Draft an agreement covering these 8 key issues to avoid the repercussions of a failed partnership.
Business is a lot like marriage. Not all partnerships work out—and some even end in what feels like a fiery divorce. That’s why it’s essential to sign a business agreement, the business world’s equivalent of a prenuptial. While discussing sensitive topics might be uncomfortable at first, trust me when I tell you this little document will benefit both parties tremendously in the end. Like a prenuptial agreement, a business agreement isn’t betting on a failed partnership; it’s simply a precaution incase the worst case scenario becomes your reality.
While business agreements greatly vary and can cover hundreds of issues, there are a few essentials that every business agreement should address.
This is perhaps the biggest question of all. Who owns what percentage of the company’s equity? Are you equal partners, or is one partner taking on a larger role? The longer you wait to have this conversation, the more difficult it becomes. As soon as you begin forming your business, clarify each of your ownership roles.
You and your partner should also transparently discuss your financial commitments to the business. Will you both contribute the same amount of money? If more capital is needed, what is expected of each of you? Is the company financially responsible for contracts and accounts, or are you responsible as individuals? Make sure that each of you understands how much money you are expected to give, and under what circumstances.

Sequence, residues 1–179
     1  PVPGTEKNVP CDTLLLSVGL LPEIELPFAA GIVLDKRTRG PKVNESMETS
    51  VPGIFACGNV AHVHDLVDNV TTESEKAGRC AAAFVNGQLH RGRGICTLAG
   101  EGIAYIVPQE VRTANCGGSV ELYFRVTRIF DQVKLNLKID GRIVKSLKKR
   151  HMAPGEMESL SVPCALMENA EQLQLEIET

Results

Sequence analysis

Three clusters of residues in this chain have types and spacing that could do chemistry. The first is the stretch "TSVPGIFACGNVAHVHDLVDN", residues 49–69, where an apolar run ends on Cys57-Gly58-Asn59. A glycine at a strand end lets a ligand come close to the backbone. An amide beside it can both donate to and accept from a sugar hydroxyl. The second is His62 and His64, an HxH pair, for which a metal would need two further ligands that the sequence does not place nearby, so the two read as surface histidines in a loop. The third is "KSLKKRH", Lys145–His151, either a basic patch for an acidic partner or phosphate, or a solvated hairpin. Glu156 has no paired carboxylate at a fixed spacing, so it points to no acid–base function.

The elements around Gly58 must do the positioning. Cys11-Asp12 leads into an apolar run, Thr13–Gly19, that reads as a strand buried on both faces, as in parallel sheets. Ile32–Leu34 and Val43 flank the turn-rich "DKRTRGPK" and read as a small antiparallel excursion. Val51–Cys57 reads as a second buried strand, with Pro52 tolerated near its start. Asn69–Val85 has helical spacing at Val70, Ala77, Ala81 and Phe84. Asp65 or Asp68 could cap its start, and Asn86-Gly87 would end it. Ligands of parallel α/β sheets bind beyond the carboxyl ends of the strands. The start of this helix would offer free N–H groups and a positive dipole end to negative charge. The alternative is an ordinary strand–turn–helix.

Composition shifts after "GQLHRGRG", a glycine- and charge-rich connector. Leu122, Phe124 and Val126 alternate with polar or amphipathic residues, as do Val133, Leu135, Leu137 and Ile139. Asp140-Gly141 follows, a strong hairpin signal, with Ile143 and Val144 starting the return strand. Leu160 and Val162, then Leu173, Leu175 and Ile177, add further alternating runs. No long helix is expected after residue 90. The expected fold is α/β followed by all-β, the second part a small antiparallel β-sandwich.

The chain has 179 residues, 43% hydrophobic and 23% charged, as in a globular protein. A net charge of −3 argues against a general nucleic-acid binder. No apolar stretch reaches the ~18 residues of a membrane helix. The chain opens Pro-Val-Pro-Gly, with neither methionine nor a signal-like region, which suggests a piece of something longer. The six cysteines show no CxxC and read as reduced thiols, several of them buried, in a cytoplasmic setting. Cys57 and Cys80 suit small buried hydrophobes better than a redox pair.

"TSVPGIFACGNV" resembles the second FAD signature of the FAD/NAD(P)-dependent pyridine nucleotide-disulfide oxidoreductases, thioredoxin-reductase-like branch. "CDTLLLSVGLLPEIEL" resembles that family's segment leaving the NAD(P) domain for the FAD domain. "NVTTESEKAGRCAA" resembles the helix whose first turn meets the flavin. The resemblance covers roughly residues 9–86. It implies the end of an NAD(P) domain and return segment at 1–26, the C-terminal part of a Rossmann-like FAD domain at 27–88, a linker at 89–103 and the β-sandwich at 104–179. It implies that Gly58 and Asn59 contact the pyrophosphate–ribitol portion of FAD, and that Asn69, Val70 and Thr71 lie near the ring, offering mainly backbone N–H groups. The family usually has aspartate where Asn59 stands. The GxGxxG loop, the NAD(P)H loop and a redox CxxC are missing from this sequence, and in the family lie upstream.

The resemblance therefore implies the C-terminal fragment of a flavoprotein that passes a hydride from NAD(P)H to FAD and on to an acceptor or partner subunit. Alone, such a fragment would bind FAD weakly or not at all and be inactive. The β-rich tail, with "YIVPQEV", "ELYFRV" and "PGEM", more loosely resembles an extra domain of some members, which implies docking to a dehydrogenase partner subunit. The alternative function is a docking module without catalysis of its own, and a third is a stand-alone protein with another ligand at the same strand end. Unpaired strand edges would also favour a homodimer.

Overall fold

A young business requires a lot of money—but it also needs time. How much time and effort will each side give to the company? If each partner isn’t expected to give even amounts of time and effort, then account for this by making adjustments to ownership and compensation.
How much do you get and when will you get it? Is it based on hitting certain milestones or on hours spent on the business? Will compensation be in the form of salary or distributions? Do you have to take cash, or could you exchange it for more shares instead?
What’s your policy on expenses? How much entertaining can you do? Who writes the reimbursement checks? These are important questions to discuss, as you don’t want one partner spending more than the other believes is necessary on wining and dining investors.
If one person has more shares, does he make all the rules? If you’re 50-50 and don’t agree, what are the next steps? Do all big decisions need to be unanimous? The last thing you want is to find yourselves incapable of making a decision because you don’t know who ultimately holds the power.
Make sure you have a vesting schedule in place that outlines how and when equity is distributed. This protects you if one partner decides to leave the business.
Under what circumstances can you sell your interest in the company? To whom can you sell, and if you do so, what are the terms and how will the value be calculated? This is an important issue that needs to be discussed up front.
The moral of the story is this: If you’re thinking about entering into a partnership, get all these issues down on paper now. The sooner you reach an agreement, the sooner this little document can save the day should the relationship go awry.